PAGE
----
Verizon to roll out 5G residential broadband in up to five markets in 2018

5G technology is coming, with proposed specifications having been laid out earlier this year. Verizon and other companies have been in the planning stages for the advancement beyond 4G LTE for a few years. But now it appears Verizon may be on the cusp of bringing 5G to the masses - albeit in a limited form - starting next year.

The wireless and broadband company announced today that, starting in the second half of 2018, it would be bringing 5G broadband services to three to five residential areas, beginning with Sacramento, CA. The company said further details on the other markets would be unveiled sometime later.

Throughout this year, the company has been testing the service and the technology in 11 areas around the country. It has tested residential broadband in Arlington, VA, and Denver, CO, set up an outdoor 5G hotspot at University of Michigan's autonomous vehicle testing lab in Ann Arbor, and completed an incubator video test area in New York City. Customer feedback has been positive enough that the company is confident that an official launch next year is feasible.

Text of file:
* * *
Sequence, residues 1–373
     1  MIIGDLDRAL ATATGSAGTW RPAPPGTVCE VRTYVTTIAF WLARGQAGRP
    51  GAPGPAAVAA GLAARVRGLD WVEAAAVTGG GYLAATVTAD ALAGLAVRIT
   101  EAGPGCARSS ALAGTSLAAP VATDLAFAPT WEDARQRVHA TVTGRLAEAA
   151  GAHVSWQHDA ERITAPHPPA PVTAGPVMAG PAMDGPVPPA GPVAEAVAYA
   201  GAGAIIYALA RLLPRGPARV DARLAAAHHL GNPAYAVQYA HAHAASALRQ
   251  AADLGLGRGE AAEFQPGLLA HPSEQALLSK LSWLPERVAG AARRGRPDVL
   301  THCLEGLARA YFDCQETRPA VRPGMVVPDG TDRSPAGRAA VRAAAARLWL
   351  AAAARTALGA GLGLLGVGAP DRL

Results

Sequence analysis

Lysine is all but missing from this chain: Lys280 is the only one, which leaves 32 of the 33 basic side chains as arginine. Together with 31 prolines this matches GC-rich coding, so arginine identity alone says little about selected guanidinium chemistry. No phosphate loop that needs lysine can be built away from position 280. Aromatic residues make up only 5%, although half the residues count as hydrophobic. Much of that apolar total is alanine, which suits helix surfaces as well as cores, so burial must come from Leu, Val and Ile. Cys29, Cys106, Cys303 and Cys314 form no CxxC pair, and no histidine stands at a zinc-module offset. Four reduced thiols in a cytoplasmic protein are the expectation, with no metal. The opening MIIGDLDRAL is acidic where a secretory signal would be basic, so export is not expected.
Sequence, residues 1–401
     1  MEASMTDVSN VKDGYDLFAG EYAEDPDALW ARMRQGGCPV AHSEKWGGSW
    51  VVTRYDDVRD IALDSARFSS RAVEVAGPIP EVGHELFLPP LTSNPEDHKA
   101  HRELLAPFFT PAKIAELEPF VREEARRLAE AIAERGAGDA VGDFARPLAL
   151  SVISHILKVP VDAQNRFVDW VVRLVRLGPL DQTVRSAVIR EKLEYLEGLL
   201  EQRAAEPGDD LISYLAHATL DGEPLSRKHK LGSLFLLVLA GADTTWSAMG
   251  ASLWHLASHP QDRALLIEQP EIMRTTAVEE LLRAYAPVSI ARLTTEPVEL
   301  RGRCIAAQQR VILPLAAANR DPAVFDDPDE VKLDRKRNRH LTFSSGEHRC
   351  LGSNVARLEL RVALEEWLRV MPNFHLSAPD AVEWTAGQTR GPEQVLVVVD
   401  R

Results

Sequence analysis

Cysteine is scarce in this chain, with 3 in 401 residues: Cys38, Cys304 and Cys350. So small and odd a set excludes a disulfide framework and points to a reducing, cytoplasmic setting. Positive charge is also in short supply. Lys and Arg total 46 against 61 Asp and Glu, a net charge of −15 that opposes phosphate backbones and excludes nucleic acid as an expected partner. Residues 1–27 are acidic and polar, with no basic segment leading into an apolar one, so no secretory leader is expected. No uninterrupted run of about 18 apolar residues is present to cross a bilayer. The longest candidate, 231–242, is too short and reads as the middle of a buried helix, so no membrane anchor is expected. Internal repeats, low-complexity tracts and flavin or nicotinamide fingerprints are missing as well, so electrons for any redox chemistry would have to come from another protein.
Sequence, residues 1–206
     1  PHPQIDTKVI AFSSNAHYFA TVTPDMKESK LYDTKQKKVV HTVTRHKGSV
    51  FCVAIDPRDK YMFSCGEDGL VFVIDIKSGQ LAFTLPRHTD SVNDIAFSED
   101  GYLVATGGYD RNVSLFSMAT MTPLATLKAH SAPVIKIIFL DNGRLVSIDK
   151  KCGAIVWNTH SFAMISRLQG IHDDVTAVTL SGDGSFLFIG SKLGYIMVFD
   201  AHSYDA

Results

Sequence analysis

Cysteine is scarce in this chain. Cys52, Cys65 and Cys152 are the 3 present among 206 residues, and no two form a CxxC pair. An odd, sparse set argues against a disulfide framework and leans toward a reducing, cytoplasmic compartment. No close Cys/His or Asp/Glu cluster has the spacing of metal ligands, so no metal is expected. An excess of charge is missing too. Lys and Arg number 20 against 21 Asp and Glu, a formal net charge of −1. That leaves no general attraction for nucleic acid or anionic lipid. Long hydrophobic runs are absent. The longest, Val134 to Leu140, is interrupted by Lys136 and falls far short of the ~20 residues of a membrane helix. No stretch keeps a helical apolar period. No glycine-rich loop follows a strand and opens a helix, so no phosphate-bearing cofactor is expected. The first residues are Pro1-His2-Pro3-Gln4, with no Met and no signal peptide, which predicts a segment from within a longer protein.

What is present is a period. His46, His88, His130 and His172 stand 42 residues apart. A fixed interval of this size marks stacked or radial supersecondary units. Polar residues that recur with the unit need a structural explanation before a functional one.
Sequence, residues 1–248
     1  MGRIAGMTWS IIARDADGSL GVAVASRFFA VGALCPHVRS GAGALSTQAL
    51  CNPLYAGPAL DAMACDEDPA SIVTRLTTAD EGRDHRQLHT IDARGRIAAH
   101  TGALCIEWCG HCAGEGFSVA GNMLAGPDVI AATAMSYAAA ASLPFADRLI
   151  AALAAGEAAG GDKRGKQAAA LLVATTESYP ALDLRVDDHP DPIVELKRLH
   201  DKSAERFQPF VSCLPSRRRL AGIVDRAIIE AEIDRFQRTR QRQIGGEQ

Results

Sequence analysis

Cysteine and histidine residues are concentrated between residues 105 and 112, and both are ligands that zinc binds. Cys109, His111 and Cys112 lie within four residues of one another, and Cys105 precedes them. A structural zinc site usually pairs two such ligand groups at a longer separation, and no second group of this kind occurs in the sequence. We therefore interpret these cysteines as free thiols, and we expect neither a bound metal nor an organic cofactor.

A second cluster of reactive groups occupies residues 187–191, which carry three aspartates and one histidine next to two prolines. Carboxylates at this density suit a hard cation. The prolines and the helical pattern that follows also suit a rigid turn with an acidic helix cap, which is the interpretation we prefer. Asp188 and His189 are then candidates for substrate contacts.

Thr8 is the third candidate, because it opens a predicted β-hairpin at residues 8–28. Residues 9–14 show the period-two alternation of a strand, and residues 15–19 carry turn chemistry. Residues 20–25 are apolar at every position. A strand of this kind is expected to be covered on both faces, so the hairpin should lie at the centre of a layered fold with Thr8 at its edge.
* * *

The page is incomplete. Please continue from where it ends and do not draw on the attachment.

In its announcement, the company explained:

As a first application of fifth-generation – or 5G — wireless, these services will use radio signals, rather than copper or fiber cables, to provide customers with unprecedented wireless speeds for Internet access. As 5G continues to evolve, customers will benefit from a wide array of services – including broadband, mobile and IoT (Internet of things) — and the necessary bandwidth and low latency for 3D and virtual reality applications.

While the technology is advancing for providers, it is still progressing for the hardware makers. 5G broadband is only as good as the modems and routers that receive the signals. The International Telecommunications Union (ITU) drafted a standard of where a 5G cell should be able to handle a download of at least 20Gbps and an upload of 10Gbps via a single mobile base station. This is a theoretical standard for a fixed wireless broadband, and in reality, all users on a cell will get a portion of that 20Gbps. 5G will also be able to support at least one million users per square kilometer.

Samsung has 5G RF Integrated Circuit (RFIC) chips, and Intel has Atom chips ready for the transition to 5G. Chinese firm ZTE has also been pushing its development of 5G-related technology, while Qualcomm had a major breakthrough in its 5G development just last month.

There is still a lot of work to do to make 5G an everyday reality, so beware of companies pushing it in sales pitches before next summer.

Source: Verizon

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